After the men’s group, I went out for dinner with Diane, finding a nearly empty restaurant with great food – an absolutely dynamite combo for me – and then had a wonderfully lazy and loving evening. At 1 am, I wasn’t sleeping, but watching the men’s final of the Australian Open (one of the four major tennis tournaments of the year). Two men going all out to win. Fernando Gonzalez, ranked number 10 in the world (but over the past two weeks playing at an exceptional level), versus Roger Federer, by far the best tennis player in the world. What a treat! Watching great athletes competing is an invigorating joy for me; for the last third of the match, I was off the couch and on the living room floor, doing yoga while keeping my eyes on the game, fully absorbed in every point.

A couple of times, I thought of the men’s group from earlier in the day, and the various energetic confrontations that had happened for most of the men, all of which unfolded in the context of helping to more fully access passion, intensity, and awareness. The tennis match I was watching was doing something like this on a much more contained level, within a precise framework – neat white lines on an immaculate green court – but there was a continual undercurrent of passion, intensity, and awareness. Two elite athletes with clear mastery of their game (plus an obvious respect for each other), but nevertheless operating along such a fine, fine line that even the slightest slip was immediately magnified. Great, great concentration, dotted with tiny lapses every now and then. It wasn’t over until 3 am, but I didn’t mind at all.

Sports events are often broadcast through war metaphors – football being probably the key example – but Gonzalez and Federer’s match had little or none of this. It was a contest for sure, and highly competitive, but carried too much elegance and refinement to be framed as some kind of war. Not that it wasn’t suffused with adrenaline and testosterone – but its very excitement was largely expressed through a heightened aesthetic of creativity and grace under pressure.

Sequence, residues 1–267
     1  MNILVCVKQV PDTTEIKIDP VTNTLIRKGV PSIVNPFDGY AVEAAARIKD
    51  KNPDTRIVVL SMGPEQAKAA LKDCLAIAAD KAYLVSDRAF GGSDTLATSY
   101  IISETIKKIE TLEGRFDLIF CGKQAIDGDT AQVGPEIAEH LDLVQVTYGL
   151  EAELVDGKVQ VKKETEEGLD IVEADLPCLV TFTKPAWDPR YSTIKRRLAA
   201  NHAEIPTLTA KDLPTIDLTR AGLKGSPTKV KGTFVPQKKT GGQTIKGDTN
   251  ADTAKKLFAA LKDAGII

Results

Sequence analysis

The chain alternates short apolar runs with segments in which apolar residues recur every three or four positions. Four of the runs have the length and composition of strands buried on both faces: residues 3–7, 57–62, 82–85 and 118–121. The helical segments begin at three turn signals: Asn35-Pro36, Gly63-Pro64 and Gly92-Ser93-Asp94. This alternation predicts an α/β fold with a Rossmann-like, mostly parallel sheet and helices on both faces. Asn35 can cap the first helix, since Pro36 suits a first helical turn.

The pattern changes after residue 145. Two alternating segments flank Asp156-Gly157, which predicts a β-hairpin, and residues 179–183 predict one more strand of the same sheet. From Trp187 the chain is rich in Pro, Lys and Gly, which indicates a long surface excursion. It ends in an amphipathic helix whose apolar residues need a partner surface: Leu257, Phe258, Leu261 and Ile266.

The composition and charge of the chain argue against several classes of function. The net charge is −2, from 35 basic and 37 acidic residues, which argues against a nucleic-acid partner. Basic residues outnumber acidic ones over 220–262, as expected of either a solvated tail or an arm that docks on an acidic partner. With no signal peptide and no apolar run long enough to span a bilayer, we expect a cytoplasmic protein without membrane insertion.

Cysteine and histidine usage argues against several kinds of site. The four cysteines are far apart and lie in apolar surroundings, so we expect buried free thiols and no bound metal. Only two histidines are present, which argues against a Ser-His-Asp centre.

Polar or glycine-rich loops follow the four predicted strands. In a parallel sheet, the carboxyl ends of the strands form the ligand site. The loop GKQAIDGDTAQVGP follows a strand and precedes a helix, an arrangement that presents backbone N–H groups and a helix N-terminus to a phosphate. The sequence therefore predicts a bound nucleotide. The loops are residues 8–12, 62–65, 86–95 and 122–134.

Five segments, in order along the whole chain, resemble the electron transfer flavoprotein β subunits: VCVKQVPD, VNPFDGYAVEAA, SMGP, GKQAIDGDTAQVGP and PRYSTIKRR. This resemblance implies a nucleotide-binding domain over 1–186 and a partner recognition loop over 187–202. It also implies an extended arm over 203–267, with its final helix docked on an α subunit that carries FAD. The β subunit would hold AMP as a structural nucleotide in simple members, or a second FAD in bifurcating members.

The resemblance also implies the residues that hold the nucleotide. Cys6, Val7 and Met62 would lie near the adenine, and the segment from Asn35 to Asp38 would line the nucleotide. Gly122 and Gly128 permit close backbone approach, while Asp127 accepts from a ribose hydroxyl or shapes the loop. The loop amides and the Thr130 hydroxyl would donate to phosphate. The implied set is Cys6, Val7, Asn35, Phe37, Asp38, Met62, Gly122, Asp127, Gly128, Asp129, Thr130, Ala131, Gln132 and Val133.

Back to the group: One man’s work was about his ambivalence regarding attention – he both wanted attention and didn’t want it, having as a boy mostly only received attention when his mother wanted him to take care of her. The attention that he had really needed had not been there, and in his current life still wasn’t there nearly enough, mostly because he was simply not as open to it as he needed to be. As I had him pay close attention to his push-pull relationship to attention from others – with the rest of the men serving as his audience – he let down his guard, cutting through much of his self-consciousness, disarming himself to the point of letting his grief surface. This was not a straightforward process, but slowly but surely happened as the other men held him in their unwavering attention, presence, and care. Along the way, there was not only hurt and anger, but also plenty of healing humor. By this point, every man in the group was realizing that each man’s work was, in some way, none other than his work.

A sometimes arduous but essential labor this is, birthing the authentic man and learning to fully embody the Deep Masculine – but after a certain point, what else is there for a man to do, if he is to ground himself in his heartland?

- Robert Augustus Masters